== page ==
Having clarified that, I would now like to examine a case that should be enshrined in the travesty of the US Justice Hall of Shame.
In February of this year, Aafia Siddiqui, a Pakistani mother of three, was convicted in US Federal (kangaroo) Court of seven counts, including two counts of “attempted murder of an American.” On September 23, Judge Berman, who displayed an open bias against Dr. Siddiqui, sentenced her to 86 years in prison.
The tapestry of lies about Dr. Siddiqui — a cognitive neuroscientist, schooled at MIT and Brandeis — was woven during the Bush regime but fully maintained during her trial and sentencing this year by the Obama (in)Justice Department.
Before 9/11/2001, Aafia lived in Massachusetts with her husband, also a Pakistani citizen, and their two children. According to all reports, she was a quietly pious Muslim (which is still not a crime here in the States), who hosted play dates for her children. She was a good student who studied hard and maintained an exemplary record, causing little harm to anything, let alone anyone.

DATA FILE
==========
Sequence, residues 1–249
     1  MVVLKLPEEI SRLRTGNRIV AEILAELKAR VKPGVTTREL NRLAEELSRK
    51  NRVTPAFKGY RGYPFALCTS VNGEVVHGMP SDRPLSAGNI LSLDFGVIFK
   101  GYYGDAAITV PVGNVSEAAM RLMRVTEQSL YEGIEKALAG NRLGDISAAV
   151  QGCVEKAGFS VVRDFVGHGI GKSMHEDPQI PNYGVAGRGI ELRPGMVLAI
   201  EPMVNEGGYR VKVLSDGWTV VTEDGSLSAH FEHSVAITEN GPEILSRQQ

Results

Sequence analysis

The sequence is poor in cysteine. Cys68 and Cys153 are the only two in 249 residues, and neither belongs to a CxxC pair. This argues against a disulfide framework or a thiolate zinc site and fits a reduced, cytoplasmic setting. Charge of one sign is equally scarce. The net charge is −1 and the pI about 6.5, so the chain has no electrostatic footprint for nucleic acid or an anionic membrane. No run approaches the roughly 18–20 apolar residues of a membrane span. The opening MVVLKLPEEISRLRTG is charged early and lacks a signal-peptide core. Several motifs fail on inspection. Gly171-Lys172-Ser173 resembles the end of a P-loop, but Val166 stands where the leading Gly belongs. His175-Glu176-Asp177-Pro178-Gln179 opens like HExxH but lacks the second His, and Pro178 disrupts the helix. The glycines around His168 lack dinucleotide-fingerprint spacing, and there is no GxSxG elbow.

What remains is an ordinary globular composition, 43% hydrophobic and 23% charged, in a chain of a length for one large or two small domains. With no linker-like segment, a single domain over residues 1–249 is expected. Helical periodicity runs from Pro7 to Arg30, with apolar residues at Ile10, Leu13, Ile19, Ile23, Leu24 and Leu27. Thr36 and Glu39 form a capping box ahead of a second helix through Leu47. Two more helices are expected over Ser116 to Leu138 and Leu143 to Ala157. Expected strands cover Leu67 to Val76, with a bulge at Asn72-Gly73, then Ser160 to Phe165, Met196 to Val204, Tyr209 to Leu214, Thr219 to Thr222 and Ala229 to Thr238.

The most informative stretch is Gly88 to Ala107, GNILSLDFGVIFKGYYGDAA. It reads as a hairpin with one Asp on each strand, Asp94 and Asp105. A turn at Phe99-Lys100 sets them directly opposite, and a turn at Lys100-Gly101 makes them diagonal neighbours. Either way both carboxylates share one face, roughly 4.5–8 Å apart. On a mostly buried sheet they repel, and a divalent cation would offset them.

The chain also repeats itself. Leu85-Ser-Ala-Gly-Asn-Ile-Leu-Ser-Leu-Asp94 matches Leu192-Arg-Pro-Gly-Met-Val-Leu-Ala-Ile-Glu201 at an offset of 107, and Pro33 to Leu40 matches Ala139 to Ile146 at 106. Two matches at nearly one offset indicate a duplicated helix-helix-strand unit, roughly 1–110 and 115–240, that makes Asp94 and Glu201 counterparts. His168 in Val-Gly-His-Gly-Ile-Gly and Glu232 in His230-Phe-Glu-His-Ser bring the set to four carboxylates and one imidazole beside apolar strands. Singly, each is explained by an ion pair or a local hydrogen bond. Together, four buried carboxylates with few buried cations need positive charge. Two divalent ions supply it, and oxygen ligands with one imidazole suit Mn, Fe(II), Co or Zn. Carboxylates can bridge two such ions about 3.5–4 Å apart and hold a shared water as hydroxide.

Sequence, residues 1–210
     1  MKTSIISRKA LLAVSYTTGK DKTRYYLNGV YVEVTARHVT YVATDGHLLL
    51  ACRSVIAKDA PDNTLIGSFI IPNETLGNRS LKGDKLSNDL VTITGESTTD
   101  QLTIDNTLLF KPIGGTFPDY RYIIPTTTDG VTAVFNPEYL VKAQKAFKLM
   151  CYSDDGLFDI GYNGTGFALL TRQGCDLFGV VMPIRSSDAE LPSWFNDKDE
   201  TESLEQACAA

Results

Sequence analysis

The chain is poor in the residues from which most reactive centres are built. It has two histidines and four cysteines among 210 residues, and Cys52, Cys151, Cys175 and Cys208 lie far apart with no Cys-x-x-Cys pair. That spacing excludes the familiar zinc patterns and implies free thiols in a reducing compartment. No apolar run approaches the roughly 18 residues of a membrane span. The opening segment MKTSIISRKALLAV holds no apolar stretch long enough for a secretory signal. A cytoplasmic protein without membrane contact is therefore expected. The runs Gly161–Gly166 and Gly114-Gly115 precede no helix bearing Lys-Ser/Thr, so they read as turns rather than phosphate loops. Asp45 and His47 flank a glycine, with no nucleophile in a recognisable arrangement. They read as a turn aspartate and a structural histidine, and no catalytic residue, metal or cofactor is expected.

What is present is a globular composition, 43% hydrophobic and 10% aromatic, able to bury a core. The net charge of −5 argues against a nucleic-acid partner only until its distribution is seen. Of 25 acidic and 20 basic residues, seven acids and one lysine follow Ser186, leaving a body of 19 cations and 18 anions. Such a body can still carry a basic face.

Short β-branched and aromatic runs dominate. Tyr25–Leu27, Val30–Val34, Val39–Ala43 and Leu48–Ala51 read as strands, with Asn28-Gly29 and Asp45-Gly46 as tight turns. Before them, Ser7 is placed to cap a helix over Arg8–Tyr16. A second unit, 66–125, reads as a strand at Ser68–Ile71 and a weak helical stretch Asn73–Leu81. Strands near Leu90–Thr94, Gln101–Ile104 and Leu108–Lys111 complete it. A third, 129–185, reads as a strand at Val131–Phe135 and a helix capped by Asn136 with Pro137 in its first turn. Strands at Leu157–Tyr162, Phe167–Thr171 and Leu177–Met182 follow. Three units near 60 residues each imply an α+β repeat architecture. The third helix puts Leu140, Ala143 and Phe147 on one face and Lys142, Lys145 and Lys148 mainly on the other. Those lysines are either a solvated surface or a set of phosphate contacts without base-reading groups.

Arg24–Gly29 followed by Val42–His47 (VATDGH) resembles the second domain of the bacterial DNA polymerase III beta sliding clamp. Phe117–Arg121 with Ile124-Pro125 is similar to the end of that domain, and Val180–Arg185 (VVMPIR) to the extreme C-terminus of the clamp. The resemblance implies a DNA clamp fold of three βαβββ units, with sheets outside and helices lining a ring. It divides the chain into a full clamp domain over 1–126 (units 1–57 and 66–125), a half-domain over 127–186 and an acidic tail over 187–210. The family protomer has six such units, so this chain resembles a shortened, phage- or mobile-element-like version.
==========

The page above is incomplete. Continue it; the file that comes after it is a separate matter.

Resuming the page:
After 9/11, when she was pregnant with her third child, she encouraged her husband to move back to Pakistan to avoid the backlash against her Muslim children — which was a very prescient thing to do considering the Islamophobia that has only increased in this country since then.
Following the move to Pakistan, Dr. Siddiqui and her husband divorced. Her life took a horrendous turn justly after. While Khalid Sheikh Mohammed (KSM) — supposed mastermind of the 9/11 plot — was being water-boarded by the CIA 183 times in one month, he gave Dr. Siddiqui up as a member of al-Qaeda. Was this a case of stolen identity, or was Mohammed just saying random words like you or I would to stop the torture?